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Actually, the whole of East Asia is convinced that it did start in the US, because US tourists were among the first detected cases in all Asian countries, and were the furthest along.
If it was the case that it started in the US would that not imply that there would be evidence of infected US citizens that show they had it before the first case appeared in other countries? Unless perhaps the tourists created it to fill the boredom on the flight over...
Although I wouldn't rule out the possibility that the US would cover up any evidence that proved they started it, so who knows.
I have a Logitech wireless keyboard (K800) and mouse (M310). Recently I have experienced the loss of the settings for the K800 (specifically the disabling of both Caps-Lock and Ins keys). In desperation (after searching the Internet), I called Logitech Customer Support. After a fairly long conversation (1+ hours), I uninstalled all Logitech products and downloaded the latest version of Logitech Options. As an administrator I set the Caps-Lock and Ins keys disabled, and restarted the machine as a standard user. All worked as expected.
What went wrong? I was advised that Logitech updated the firmware for the K800 and M310 devices. Then, wholly separately, they made available an updated Logitech Options version (8.10.154). I was unaware of the firmware update and, because I use Windows 7, I was not advised through Windows Update. I was also advised that settings should be made from an administrator account.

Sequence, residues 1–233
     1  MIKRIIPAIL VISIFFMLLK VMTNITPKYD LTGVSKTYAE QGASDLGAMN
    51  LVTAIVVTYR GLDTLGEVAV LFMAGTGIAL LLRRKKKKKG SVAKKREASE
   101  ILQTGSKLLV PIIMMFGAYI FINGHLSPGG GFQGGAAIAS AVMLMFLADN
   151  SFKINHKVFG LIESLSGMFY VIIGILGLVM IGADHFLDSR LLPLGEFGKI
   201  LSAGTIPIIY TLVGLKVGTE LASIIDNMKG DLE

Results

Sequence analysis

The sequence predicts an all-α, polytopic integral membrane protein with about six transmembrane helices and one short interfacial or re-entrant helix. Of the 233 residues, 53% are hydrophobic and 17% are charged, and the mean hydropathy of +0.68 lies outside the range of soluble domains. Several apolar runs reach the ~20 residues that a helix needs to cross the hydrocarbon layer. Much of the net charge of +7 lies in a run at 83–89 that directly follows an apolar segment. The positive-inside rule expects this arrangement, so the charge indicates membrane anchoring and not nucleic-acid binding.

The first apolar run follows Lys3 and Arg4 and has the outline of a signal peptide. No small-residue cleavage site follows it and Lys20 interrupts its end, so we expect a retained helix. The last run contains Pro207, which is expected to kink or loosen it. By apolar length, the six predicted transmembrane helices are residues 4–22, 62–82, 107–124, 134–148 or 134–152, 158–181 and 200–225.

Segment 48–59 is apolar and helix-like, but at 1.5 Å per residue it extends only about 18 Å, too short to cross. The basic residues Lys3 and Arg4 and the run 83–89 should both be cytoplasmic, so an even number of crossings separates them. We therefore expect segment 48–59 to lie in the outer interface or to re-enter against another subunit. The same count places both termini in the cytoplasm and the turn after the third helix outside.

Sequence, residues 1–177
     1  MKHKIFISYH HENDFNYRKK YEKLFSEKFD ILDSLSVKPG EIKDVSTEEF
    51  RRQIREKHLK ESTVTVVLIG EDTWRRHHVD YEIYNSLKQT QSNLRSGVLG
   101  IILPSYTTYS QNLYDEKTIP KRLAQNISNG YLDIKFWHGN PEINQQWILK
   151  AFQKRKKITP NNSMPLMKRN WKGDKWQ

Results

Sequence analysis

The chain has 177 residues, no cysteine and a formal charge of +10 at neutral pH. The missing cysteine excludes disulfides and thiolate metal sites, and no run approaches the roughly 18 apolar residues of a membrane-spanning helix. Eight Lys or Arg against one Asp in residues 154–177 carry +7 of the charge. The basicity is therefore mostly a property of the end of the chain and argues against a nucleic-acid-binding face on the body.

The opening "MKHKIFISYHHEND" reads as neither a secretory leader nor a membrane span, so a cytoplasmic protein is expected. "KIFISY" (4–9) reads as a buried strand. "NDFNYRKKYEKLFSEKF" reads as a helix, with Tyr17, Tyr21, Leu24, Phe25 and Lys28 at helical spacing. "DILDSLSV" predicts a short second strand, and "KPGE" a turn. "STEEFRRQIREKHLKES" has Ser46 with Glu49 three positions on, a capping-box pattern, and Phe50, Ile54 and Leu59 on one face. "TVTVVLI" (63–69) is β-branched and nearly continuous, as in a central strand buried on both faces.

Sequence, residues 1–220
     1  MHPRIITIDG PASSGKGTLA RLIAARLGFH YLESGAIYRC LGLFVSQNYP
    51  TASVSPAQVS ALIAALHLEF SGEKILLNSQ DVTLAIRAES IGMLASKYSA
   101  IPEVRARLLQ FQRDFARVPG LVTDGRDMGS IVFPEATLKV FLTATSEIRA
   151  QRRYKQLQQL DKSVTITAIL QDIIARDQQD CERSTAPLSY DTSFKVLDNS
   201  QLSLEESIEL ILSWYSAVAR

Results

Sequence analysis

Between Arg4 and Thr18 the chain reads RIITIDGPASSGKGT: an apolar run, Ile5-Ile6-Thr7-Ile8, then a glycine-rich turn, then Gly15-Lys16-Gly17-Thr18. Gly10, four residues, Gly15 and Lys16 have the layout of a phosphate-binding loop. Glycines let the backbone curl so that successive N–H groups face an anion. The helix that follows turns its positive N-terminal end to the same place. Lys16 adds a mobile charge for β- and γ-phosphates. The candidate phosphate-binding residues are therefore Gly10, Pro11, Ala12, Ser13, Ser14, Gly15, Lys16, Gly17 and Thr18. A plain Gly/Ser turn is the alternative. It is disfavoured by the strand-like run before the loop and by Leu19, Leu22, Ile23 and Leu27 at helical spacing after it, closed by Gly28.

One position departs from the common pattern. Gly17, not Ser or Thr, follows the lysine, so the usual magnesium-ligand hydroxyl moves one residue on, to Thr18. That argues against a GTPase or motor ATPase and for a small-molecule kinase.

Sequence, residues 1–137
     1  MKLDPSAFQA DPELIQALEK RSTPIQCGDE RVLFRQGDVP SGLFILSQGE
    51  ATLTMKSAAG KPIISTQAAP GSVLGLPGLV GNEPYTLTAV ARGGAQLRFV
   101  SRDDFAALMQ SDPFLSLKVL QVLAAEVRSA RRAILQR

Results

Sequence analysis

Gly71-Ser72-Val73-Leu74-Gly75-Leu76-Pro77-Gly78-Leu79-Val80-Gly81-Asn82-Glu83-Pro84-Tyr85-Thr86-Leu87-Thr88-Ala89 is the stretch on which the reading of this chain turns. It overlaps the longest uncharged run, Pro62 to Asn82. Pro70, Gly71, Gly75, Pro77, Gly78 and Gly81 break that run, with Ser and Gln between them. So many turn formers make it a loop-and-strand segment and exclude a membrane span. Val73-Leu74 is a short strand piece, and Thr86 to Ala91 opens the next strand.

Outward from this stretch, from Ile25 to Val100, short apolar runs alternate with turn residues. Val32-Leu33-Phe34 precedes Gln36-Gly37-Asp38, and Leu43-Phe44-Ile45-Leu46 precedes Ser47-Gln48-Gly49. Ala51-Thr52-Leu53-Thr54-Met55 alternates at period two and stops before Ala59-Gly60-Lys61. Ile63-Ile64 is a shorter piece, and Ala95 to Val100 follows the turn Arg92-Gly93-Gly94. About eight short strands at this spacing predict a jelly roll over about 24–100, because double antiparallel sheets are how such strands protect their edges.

I am disappointed in Logitech. They created turmoil for users of their wireless products. I suggested a solution to the CSR that I doubt will get to the developers. Too bad - I like the wireless keyboard and mouse.
If a firmware update is independent of a software update, the problem may occur. Generally between the time that the firmware is updated automatically and the time that the software is manually updated. In the case of Logitech, the firmware controls the actual devices and the software (Logitech Options) is the windows application that allows its users to communicate with the devices. So, if the two (software and firmware) get out of sync, difficulties can arise.
What is worse in this case is that the Win 7 user is unaware of the firmware update and does not know of the need to update the application software. Logitech should have been aware of the still-large number of Win 7 installations. Further, they should have been aware that Windows Updates is no longer applicable to Win 7. Their firmware design should have included a notification that a software update was required.
I have been using Logitech keyboards and mice for at least 20 years, but never ever experienced any automatic firmware update. Maybe I never checked off that I wanted any such service, or maybe none of all the Logitech pieces that I have owned over the years have had any firmware update.
Or possibly that there has been a lot, but they have been so quiet that I never knew of them.
For the last years, Microsoft supported Win 7. I think the problem with failing to save settings was Logitech self-inflicted. I don't know how they did it. I just know what I said in the original post.